Don’t get me wrong I do like the idea of OpenGov and the potential it has to increase citizens involvement and to leverage their analytical capacity. However, OpenGov itself is not a silver-bullet to develop a long term strategy especially not in the current economic environment. Right now the question is which unpopular decisions to make to get back on track.

The German coalition will set-up a parliamentary enquete commission dedicated to “Internet and Digital Society”. This commission will be set up by 13 members of the parliament with all parties represented and 13 experts still to be announced.

According to the focus will be on the following areas:

  • Culture and Media
  • Economy and Environment
  • Education and Research
  • Justice and Interior
  • Society and Democracy

I will post a more detailed list later. For everyone who can read German may take a look here. So far the list seems to be quite complex and rather ambitious as the final report shall be delivered in 2012. This report shall provide guidelines how Germany can tackle challenges and leverage opportunities digital technology offers.

It is interesting that the last enquete commission that dealt with the challenges of our digital era took place between 1996-1998. Obviously in the last 12 years a lot happened, new opportunities and new challenges as the recent issue of Google and China shows. However, I hope the results will be less prone by a protective mindset but by one that actually embraces the new technology. Let’s surprise DiMaio who sensed “that German government people tend to overplan things”.

Besides my proposal for a twitter hashtag for this commission is a bit lengthy but unique: #eDeutschland.

Since yesterday the candidates for the new EU commission take place in the European Parliament. Disapointingly even the most important German TV news like tagesschau and tagesthemen produced by the public TV station ARD didn’t devote more than a few seconds to it. Even the bit of snow that covered Germany got more attention in the news. Thus I decided today I gonna use online live-stream of the hearings with limited success.

As chrome became my standard browser on my MacBook it was obvious that I try the stream first using my favourite settings: Chrome on a Mac. The result was disappointing, neither did I receive a video nor audio livestream. Trying firefox gave the same result. Only Safari worked quite well. I received the audio and videostream in a somewhat decent quality. Unfortunately I got all languages at once. I felt like watching modern Babel at work. There were no options to select just one language. Hence it didn’t increase transparency except you wonder how politicians look like but that wasn’t what I was interested in.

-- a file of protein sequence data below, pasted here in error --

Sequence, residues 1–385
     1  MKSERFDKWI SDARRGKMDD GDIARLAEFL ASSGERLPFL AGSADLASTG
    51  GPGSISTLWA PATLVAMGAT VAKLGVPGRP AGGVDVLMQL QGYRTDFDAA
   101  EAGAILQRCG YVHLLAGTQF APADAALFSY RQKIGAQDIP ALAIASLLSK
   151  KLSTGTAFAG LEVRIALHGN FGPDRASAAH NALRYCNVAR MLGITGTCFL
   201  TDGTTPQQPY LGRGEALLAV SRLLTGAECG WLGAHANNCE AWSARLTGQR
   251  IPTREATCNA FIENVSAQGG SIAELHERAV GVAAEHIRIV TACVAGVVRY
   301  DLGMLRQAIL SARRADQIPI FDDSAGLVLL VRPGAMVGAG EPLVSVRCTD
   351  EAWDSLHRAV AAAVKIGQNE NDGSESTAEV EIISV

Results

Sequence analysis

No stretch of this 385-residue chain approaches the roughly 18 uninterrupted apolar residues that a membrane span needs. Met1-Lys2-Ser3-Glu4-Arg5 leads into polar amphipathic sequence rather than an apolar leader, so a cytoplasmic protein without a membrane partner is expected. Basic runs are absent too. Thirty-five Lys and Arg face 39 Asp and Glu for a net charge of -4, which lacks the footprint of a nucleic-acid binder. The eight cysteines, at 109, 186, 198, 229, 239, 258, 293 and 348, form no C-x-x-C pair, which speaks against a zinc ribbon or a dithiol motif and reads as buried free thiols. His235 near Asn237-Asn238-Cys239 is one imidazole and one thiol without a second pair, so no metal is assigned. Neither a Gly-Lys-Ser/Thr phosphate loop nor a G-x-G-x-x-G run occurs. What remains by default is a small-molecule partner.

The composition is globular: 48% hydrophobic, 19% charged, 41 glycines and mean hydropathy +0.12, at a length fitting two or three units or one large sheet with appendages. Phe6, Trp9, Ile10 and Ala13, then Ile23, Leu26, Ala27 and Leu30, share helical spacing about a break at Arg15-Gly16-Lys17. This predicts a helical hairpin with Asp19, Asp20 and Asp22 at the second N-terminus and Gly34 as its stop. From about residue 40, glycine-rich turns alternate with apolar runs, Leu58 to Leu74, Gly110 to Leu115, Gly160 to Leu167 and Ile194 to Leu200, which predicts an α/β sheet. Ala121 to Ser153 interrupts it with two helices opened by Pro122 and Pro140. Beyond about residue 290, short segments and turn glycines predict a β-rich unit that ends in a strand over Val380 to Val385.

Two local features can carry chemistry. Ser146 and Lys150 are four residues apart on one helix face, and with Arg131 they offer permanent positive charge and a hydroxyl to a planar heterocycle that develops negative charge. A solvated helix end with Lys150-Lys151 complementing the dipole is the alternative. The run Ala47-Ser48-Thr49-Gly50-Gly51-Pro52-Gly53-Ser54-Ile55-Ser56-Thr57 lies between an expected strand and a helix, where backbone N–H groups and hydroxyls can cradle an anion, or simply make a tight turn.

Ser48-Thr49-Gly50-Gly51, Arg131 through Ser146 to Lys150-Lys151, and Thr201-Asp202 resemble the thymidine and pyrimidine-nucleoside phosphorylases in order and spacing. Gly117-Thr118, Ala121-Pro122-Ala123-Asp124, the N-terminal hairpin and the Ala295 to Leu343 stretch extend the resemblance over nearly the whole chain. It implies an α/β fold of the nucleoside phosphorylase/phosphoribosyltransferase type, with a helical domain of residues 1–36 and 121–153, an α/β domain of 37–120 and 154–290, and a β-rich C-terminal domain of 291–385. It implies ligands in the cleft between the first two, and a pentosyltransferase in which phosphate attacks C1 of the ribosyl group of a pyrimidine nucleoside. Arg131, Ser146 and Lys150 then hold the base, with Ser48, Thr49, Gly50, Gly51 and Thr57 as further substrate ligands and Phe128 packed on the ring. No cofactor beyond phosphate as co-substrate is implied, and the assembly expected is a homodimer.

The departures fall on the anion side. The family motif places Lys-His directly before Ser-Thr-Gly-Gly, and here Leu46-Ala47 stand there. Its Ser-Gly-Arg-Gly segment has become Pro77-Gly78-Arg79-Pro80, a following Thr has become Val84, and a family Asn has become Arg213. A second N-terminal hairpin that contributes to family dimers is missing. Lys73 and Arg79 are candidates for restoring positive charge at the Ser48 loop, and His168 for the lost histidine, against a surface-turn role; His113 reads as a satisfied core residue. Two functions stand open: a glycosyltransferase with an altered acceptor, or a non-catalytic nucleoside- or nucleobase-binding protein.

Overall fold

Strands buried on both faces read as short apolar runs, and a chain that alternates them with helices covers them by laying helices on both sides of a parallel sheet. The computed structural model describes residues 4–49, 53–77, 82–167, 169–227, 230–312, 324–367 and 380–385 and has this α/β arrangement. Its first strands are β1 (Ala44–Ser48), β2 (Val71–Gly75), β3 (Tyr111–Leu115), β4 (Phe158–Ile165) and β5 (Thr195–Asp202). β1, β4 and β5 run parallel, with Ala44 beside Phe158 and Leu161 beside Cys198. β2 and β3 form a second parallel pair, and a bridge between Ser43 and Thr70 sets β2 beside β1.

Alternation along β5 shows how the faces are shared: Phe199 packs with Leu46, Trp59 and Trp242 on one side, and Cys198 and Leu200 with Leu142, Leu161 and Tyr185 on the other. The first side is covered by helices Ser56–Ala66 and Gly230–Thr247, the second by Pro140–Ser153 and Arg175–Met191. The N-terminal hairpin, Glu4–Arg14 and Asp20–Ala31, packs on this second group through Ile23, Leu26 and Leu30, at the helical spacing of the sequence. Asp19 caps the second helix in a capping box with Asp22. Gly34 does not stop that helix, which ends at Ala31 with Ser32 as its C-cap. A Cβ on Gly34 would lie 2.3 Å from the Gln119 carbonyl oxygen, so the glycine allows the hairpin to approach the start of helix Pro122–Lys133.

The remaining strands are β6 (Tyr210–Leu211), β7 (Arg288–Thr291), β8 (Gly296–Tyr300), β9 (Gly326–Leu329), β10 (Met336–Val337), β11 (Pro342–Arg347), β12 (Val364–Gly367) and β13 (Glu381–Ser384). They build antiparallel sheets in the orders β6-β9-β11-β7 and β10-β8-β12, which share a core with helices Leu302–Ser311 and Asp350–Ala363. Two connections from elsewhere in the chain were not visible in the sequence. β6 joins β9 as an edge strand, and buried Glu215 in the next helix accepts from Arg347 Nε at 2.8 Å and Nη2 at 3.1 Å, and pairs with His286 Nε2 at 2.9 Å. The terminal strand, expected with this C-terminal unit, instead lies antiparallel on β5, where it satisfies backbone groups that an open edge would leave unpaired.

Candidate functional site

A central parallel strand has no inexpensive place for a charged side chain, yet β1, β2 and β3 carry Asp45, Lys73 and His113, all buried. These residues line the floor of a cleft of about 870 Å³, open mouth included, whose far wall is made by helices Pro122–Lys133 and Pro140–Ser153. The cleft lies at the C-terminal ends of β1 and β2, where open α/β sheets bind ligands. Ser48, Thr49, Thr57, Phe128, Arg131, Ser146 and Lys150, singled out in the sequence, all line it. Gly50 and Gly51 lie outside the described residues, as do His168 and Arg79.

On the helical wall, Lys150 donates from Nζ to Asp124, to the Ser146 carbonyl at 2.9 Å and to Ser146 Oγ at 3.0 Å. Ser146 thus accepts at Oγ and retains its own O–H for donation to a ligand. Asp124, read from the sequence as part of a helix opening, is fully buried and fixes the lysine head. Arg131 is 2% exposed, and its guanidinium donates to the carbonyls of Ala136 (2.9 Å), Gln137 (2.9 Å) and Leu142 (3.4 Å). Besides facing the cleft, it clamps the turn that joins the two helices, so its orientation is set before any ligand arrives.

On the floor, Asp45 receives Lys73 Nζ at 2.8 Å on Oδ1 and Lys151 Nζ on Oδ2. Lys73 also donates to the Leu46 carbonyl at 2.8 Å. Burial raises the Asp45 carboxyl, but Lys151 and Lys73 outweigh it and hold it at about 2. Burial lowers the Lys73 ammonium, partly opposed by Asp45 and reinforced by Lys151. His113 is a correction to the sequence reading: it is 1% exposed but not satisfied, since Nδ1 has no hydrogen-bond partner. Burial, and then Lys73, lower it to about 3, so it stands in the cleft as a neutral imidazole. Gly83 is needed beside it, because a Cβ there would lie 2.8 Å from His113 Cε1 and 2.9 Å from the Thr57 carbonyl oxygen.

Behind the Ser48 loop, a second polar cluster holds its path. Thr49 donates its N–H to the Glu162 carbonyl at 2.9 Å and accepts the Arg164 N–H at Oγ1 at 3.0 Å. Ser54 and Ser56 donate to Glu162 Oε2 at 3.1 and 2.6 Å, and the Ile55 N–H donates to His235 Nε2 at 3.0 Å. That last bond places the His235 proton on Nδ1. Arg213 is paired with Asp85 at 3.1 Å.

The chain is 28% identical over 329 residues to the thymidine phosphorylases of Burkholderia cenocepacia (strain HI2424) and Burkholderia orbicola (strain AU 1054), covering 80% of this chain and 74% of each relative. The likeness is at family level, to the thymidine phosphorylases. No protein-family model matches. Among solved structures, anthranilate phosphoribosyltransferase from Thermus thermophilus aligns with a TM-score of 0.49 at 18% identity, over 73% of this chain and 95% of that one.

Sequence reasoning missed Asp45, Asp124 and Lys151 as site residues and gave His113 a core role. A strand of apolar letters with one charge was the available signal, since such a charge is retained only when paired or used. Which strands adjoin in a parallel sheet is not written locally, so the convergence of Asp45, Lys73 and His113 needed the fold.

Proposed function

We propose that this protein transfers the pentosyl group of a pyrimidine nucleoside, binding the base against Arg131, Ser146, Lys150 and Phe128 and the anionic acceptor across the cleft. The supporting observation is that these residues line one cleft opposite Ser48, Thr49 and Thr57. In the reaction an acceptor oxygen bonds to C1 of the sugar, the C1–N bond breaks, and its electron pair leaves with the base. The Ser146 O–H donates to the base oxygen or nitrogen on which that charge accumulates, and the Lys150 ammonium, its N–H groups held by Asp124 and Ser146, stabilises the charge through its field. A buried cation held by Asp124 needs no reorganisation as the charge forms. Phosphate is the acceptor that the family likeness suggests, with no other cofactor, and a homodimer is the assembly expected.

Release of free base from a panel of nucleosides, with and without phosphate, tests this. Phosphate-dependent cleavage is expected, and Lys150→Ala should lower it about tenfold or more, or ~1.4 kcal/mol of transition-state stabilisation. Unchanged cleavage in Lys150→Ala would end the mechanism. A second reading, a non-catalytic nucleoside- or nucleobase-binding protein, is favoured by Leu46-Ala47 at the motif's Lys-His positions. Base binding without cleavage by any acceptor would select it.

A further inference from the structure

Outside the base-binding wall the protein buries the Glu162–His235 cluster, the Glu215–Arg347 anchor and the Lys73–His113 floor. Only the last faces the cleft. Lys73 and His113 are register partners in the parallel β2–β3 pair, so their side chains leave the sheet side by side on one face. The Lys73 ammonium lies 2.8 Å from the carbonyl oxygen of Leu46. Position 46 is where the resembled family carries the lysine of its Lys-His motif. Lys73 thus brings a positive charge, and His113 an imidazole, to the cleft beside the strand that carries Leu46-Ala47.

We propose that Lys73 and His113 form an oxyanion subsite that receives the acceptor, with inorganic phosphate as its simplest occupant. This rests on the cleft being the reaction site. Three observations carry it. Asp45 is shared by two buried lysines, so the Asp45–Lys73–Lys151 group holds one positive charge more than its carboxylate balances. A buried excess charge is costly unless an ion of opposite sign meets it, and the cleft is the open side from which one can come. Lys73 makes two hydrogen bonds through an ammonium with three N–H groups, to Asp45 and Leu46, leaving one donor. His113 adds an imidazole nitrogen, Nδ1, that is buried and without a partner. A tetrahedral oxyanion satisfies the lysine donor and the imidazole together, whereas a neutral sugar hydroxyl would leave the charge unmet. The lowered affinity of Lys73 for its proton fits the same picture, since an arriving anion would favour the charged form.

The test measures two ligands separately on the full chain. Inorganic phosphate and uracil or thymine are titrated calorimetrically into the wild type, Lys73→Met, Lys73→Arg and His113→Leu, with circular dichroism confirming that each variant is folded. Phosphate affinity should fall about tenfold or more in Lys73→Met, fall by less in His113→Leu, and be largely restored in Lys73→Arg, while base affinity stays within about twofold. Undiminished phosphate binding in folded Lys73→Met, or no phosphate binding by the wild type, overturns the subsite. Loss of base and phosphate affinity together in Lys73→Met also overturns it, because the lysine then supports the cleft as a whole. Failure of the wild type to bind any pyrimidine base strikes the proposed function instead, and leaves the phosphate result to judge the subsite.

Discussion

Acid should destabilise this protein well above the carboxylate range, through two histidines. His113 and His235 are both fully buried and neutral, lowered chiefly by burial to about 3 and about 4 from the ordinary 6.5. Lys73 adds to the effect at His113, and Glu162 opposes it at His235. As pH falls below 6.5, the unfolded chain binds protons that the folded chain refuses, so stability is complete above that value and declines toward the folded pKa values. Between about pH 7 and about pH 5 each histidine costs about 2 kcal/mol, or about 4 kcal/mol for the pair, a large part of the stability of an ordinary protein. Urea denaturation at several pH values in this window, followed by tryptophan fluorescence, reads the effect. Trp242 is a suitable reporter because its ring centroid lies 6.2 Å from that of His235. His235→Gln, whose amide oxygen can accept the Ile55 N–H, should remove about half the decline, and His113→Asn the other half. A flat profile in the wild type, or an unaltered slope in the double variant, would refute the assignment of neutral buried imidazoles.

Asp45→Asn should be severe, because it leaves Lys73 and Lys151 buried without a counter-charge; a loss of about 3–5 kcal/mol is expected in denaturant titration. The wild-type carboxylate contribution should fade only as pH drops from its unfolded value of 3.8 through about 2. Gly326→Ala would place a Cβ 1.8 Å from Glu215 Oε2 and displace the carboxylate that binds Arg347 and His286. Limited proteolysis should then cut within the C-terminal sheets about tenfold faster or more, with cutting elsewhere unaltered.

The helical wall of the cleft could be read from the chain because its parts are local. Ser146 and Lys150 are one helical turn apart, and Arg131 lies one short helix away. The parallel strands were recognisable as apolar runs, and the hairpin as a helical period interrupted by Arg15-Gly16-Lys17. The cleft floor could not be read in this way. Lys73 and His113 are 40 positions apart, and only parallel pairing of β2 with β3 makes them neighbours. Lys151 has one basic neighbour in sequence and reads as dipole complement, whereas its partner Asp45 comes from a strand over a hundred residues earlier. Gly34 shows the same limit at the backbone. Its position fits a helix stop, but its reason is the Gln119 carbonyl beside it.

I really would have loved to listen to Vivine Reding (Justice and Fundamental Rights), Joaquín Almunia (Competition), Neelie Kroes (Digital Agenda), Maroš Šefčovič (Inter-institutional Relations and Administration), Janusz Lewandowski (Budget and Financial Programming), Olli Rehn (Economic and Monetary Affairs) and Algirdas Šemeta (Taxation and Customs Union, Audit and Anti-Fraud) as I am especially interested in their fields. However, the EU tried and at least for me as a Mac user failed to provide a useful live-stream or was the Babelonic audio-stream on purpose?

As some of you might have heard the year 2010 started with a “Y2K + a decade” problem for German debit and credit card users. About 30m cards aren’t functioning properly causing trouble for individuals and shops forcing people to pay with cash again. As Germans are still fond users of cash it’s not too big of a deal, is it? Even I haven’t used any of my cards this year so far. This problem doesn’t increase the limited trust into credit and debit cards Germans have. Considering the recent New York Times video story about the market power of Visa some might not perceive this as a too big issue either. However, it might not only affect credit card usage but the adoption and trust of the new German electronic ID-card to be introduced later this year as well.

new German electronic ID-card

Personally I am looking forward to the introduction of the new ID-card mainly because of convenience as it finally will be 1) credit card sized and 2) will enable you to have a qualified electronic signature at hand to do business and interactions with governmental agencies online. However, German Angst now isn’t just fed by privacy concerns, reluctant usage of electronic transaction systems in general but also a lack of trust that it will be reliable. Luckily citizens can’t opt out but the incidence with malfunctioning credit cards supports voices advising to get a new passport before the electronic one is issued as an ID-card only expires after 10 years. Such a long transition period together with the German Angst  can undermine the benefits of the new ID-card severely. Let’s hope this glitch doesn’t affect the trust in electronic card based transactions to much.